Posted by captainvegetable at 02/02/11 12:06:03Hi,what kind of tips/information are you interested in? (Congrats on a great decision btw). You may want to take a look at a health study that is being done on my site in which 7 participants have switched from either a SAD or a vegetarian diet to a vegan one. They are in day 16 and have been blogging about their experiences from day one. They have tons of useful info on their and they are happy to answer any questions you might have about getting started and what has worked and hasnt worked for them. I hope that is a little helpful! Best wishes
Posted by ForestNymph at 10/29/17 22:34:07- Take B12 at least once a week, or get the B12 shot. Yes you need B12, this isn't pre-agricultural earth, where possibly people got B12 even from vegan diets because of soil quality at that time, but no, you cannot get B12 in 2017 from not washing your vegetables (not that you believe this, but I've seen it around the web).
- I like using foods fortified with ALA or DHA, like Earth Balance, and when I ate more convenience foods, I used to eat a lot of Gardein Fishless Filets. You can also take a supplement occasionally, there are vegan DHA supplements at the store, they're kind of pricey, and supposedly you only REALLY need straight DHA during pregnancy, over 55 or with certain health conditions...you should be able to process everything you need from flax seeds, hemp products, or walnuts from ALA under normal circumstances....so this an optional. I'd recommend it if you suffer from any mental illness, live a high stress lifestyle or drink a lot of alcohol, to take a DHA supplement occasionally. Not daily or anything. Flax, walnuts etc should be good enough for daily or every other day.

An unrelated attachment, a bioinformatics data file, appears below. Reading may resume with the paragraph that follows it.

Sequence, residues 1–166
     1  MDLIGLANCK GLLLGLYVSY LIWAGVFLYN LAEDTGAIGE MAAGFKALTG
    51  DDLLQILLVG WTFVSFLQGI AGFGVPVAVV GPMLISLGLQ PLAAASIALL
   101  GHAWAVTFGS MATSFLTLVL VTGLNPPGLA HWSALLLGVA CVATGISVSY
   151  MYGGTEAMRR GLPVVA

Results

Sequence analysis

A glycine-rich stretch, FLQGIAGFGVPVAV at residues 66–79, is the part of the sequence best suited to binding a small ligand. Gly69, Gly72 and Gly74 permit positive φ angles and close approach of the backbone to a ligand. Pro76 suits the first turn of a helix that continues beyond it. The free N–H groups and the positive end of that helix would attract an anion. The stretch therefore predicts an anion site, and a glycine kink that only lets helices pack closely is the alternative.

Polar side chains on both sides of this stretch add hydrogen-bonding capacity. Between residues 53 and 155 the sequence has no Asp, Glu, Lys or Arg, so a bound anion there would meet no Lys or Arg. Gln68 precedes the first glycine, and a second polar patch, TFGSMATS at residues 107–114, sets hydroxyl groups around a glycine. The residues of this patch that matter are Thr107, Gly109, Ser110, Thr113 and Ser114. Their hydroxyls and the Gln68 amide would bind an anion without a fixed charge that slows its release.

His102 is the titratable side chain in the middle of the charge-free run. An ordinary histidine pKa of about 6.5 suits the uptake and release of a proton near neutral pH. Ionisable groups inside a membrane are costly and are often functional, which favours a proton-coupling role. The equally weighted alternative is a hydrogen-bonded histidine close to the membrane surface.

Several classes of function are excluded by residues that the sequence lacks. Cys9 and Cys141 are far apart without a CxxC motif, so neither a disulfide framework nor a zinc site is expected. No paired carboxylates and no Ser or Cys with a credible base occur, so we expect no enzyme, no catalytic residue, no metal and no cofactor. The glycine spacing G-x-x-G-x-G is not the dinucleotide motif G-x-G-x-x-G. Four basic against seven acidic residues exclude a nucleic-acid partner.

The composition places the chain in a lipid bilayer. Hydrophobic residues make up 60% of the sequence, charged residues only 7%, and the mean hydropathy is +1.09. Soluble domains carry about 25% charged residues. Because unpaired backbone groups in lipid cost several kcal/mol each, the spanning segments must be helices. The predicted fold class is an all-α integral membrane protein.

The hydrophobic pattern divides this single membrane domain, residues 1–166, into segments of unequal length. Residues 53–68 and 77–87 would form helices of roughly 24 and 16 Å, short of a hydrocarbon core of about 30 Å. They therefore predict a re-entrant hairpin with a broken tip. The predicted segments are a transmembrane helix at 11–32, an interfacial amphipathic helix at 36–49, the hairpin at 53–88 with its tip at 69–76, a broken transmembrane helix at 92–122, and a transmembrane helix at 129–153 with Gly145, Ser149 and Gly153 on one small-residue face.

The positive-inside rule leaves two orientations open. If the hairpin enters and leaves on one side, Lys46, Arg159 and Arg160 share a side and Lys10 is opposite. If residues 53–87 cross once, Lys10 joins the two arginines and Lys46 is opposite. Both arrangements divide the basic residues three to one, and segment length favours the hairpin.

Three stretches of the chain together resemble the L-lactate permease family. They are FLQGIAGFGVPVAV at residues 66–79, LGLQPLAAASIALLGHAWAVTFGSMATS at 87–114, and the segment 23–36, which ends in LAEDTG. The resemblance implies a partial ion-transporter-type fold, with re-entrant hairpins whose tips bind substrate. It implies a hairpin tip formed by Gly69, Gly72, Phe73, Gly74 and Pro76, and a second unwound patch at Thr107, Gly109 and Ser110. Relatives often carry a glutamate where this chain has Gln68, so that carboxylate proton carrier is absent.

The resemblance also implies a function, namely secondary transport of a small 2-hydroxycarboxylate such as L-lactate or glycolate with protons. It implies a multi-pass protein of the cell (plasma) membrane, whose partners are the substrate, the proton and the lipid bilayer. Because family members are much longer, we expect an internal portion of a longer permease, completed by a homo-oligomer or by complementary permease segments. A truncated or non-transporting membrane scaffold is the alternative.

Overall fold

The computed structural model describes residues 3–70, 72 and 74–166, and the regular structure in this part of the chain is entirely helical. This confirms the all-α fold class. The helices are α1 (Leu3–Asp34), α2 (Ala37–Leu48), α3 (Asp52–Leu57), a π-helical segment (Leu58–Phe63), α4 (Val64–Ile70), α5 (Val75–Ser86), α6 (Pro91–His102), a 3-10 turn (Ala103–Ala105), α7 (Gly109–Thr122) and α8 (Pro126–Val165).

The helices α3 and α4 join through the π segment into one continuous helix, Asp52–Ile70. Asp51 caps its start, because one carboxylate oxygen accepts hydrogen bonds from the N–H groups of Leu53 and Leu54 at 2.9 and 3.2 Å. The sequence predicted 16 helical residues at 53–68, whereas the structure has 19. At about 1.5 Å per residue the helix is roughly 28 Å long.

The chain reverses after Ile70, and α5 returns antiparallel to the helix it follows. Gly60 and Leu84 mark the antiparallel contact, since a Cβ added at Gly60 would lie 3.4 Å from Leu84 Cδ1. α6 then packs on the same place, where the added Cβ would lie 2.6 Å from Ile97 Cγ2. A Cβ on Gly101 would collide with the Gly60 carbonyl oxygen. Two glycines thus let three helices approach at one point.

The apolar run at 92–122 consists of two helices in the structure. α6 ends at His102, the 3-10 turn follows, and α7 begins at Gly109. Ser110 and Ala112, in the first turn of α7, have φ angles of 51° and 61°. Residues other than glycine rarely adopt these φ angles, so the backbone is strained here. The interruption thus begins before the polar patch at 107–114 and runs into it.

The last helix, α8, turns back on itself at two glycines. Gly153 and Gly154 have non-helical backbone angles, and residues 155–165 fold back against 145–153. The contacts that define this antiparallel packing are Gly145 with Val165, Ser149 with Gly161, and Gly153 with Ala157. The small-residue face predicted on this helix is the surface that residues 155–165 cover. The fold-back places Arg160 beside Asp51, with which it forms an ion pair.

- Aside from B12 and ALA/DHA there's really not much a balanced vegan has to take in terms of supplements. Like most people in the modern world (omni, veg, or vegan) you could opt to take a multi-vitamin that's on you. In the winter you might want to take Vitamin D if you live in a cloudy or cold climate, because if you consume dairy, you're likely used to your milk being fortified with D (yes that's a "fake" source of D too...I'm honestly appalled at how many people don't know milk isn't really a good source of vitamin D, that it's added in after the pasteurization process, the sun is the only natural good source of vitamin D)
- When people first go vegan they're likely to eat a lot of processed foods in transition because it's easier, but I encourage you to eat more ethnic foods (Greek, Lebanese, Indian, Japanese, Thai, Ethiopian) so that you're still getting a lot of whole-foods based vegan dishes. Try to work beans and lentils into your diet, as well as nuts and seeds. As a vegetarian you may already know how to cook tofu recipes, but if not, learning new recipes is one of the best ways to stay moderate with the products.